Now, as the cannoli are cooling, so let’s get to the filling. you can make this two different ways.


And now, back to the ricotta you’re gonna need to transfer the filtered water into a clean bowl. And to your strained 32-ounces of ricotta, add a little bit less than one cup of powdered sugar. Work it in. It’s not gonna be light and fluffy. just mix the sugar in. and add 1Tsp of vanilla along with 1/4Tsp of cinnamon.

These are very traditional filling flavors and if you want, you could definitely make it your own by adding like brandy, rum. You don’t have to use ricotta if you don’t want to. You can use mascarpone. You could use a whipped cream filling. Anything you want. It’s still gonna be delicious.

Once your mixture is smooth, you’re ready to add the other components of your filling. I’m doing this two separate ways. So you’re gonna reserve a little bit of the filling in a smaller bowl. If you’re doing all one flavor, try adding in a third of a cup of chopped chocolate or chopped pistachios to start, and then go from there.

I love chocolate in any form, but for me personally, I feel like it can be a little powerful with the very subtle flavors of the ricotta and the grape juice and vinegar that comes through in the shells. So for me, it’s gonna be the pistachios, and a traditional offering is also to add in candied fruits as well.

Now your cooled cannoli shells are ready to be filled, so go ahead and fill them the way through, and to finish them off just for a little flourish, you can either dip them in mini chocolate chips or some chopped chocolate.

The bubbles around are the signature look of the cannoli, and it melts in your mouth in a blaze of crunchiness

cannoli shells


  • Shells
  • 1 3/4 cups (250g) unbleached all-purpose flour (scoop and level to measure)
  • 1 1/2 Tbsp (18g) granulated sugar
  • 1/4 tsp salt
  • 3 Tbsp (43g) unsalted butter, diced into small pieces
  • 1/3 cup grape juice and 1Tbsp of vinegar, then more grape juice as needed
  • 1 large egg
  • 1 egg white
  • Vegetable oil or shortening, for frying (about 8 cups)
  • Filling
  • 32 oz. whole milk ricotta, strained
  • 1 1/2 cups (180g) powdered sugar
  • 3/4 cup (126g) mini chocolate chips
  • 1/4 tsp ground cinnamon
  • Chopped unsalted pistachios, optional


For the Cannoli Shells

1 ) To a food processor add flour, sugar, and salt. Pulse in short bursts about 10 times. Add butter and pulse in short bursts just until there aren’t clumps of butter.

2 ) Add in grape juice and whole egg. Pulse to mix well while adding additional grape juice to bring the dough together in a soft shaggy mass (you shouldn’t need more than a few Tbsp extra grape juice).

3 ) Shape into a round, transfer to an oiled bowl. Cover and let rest at room temperature at least 30 minutes and up to 2 hours.

4 ) Heat a large pot with 1 1/2-inches vegetable oil to 345 – 355 degrees. Working with half the dough at a time (and keeping the other half covered in the bowl) roll the dough out very thinly onto a well-floured surface (nearly 1/16-inch).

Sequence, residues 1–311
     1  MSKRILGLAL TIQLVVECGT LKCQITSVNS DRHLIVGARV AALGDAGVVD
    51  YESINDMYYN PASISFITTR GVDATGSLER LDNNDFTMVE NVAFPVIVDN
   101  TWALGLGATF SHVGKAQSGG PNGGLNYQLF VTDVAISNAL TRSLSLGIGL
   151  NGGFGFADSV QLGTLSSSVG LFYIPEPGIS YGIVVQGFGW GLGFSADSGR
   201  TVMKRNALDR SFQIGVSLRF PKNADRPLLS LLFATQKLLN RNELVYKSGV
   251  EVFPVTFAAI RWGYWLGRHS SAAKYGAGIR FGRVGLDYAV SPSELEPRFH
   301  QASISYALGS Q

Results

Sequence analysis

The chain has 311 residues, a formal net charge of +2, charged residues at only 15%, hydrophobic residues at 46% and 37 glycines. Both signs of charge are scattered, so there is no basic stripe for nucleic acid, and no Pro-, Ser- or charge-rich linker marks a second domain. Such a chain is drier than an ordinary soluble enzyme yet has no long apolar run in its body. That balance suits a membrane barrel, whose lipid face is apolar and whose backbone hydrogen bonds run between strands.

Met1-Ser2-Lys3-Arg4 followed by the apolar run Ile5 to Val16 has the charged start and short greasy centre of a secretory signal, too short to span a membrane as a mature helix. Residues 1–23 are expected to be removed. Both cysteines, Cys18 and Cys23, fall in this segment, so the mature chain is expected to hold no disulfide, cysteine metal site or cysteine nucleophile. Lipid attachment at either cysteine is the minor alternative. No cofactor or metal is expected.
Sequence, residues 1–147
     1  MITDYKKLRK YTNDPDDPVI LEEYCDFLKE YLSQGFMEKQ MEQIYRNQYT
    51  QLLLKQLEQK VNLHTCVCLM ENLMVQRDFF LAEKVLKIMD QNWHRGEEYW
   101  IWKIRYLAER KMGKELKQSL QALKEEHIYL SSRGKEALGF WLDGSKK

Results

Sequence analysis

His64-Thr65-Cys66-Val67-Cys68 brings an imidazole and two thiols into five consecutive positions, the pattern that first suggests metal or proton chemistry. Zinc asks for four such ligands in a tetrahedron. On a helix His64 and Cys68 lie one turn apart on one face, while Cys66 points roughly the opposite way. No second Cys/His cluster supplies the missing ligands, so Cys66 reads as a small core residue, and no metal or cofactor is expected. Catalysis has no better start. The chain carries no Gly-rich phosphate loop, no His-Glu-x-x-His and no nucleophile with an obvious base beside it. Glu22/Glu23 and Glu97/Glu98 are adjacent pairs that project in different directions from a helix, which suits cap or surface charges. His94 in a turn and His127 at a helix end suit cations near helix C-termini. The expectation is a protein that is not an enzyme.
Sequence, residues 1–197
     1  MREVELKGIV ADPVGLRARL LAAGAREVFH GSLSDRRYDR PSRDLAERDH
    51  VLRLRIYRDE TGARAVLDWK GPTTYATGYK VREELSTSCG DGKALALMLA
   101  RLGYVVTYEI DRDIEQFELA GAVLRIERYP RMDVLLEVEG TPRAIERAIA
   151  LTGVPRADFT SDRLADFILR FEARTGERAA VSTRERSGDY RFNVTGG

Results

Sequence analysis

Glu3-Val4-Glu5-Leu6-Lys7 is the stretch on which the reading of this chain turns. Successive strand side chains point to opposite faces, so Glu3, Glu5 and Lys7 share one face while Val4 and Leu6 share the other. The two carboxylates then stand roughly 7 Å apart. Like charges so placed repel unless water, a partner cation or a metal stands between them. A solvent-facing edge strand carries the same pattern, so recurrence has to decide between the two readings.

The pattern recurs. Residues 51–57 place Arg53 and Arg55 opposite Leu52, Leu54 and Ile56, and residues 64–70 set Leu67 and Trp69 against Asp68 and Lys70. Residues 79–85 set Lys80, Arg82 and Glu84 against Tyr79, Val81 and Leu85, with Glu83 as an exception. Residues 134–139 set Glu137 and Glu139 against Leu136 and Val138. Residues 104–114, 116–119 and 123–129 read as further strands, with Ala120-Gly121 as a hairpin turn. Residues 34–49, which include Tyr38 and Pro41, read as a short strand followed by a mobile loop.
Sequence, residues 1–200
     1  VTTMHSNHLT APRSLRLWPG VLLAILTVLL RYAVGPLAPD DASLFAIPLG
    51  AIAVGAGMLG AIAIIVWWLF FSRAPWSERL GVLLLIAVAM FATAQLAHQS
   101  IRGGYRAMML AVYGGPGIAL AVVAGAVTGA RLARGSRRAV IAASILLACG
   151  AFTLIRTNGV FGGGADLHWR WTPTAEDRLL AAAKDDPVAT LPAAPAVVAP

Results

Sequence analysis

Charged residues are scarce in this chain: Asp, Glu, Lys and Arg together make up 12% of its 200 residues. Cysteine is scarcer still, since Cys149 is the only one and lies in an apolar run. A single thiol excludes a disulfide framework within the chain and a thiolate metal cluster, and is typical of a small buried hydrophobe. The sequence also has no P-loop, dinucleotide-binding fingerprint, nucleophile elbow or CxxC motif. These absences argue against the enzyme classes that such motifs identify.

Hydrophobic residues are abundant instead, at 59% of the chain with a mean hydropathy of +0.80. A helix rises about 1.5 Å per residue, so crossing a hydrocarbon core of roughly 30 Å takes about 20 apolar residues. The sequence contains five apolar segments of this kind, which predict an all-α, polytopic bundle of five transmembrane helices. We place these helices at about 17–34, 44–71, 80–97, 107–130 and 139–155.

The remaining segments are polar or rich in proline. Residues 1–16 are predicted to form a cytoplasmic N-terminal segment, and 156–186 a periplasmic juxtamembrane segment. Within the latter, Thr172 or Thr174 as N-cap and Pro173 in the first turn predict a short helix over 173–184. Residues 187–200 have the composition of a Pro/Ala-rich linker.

5 ) Using a 3 1/2 to 4-inch cookie cutter, cut dough into rounds. Spray cannoli forms with cooking spray then wrap individual dough circles around each cannoli form, while brushing about 3/4-inch of one end lightly with egg white (use a pastry brush or just your fingertip).

6 ) Press edge to the opposite side. Using metal tongs, carefully immerse the shell in preheated oil and fry until golden brown and crisp, about 1 – 2 minutes (be sure to watch oil temp so the oil doesn’t get too hot and burn shells. You can fry up to 6 at a time).

7 ) Remove from oil using metal tongs to grasp the cannoli shell (let oil from inside forms drain back into pot), transfer to paper towels to drain. Use metal tongs to hold mold (or folded layers of paper towels) and wrap a paper towel around the shell to carefully slide off of the form.

8 ) Let forms cool and repeat the process with the remaining dough circles. You can shake excess flour from scraps, press back together, cover in a bowl, and let relax for at least 10 minutes then reuse.

9 ) Allow to cool on a wire rack then fill with cannoli filling and decorate as desired (with melted chocolate on edges, chopped pistachios, mini chocolate chips or dust tops with powdered sugar).

For the Cannoli Filling

In a mixing bowl fold and stir together strained ricotta, powdered sugar, chocolate chips, and cinnamon. Transfer into a piping bag fitted with a large round tip. Pipe filling into cooled cannoli shells.


1/4 cup grape juice can be replaced with water and 1 Tbsp vinegar, then add more juice as needed.

I like to use a brand of ricotta that’s not runny (such as Galbani), then I spread across paper towels, cover with more paper towels and press out some of the extra moisture and roll up, then unroll and drop into the bowl.

1 cup granulated sugar can be substituted for powdered sugar just be sure to stir enough to dissolve granulated sugar.

Cinnamon can be omitted or doubled. Different regions of Italy make cannoli differently so go with what you like. Orange zest, chopped maraschino cherries, or vanilla extract/vanilla bean can also be added to the filling.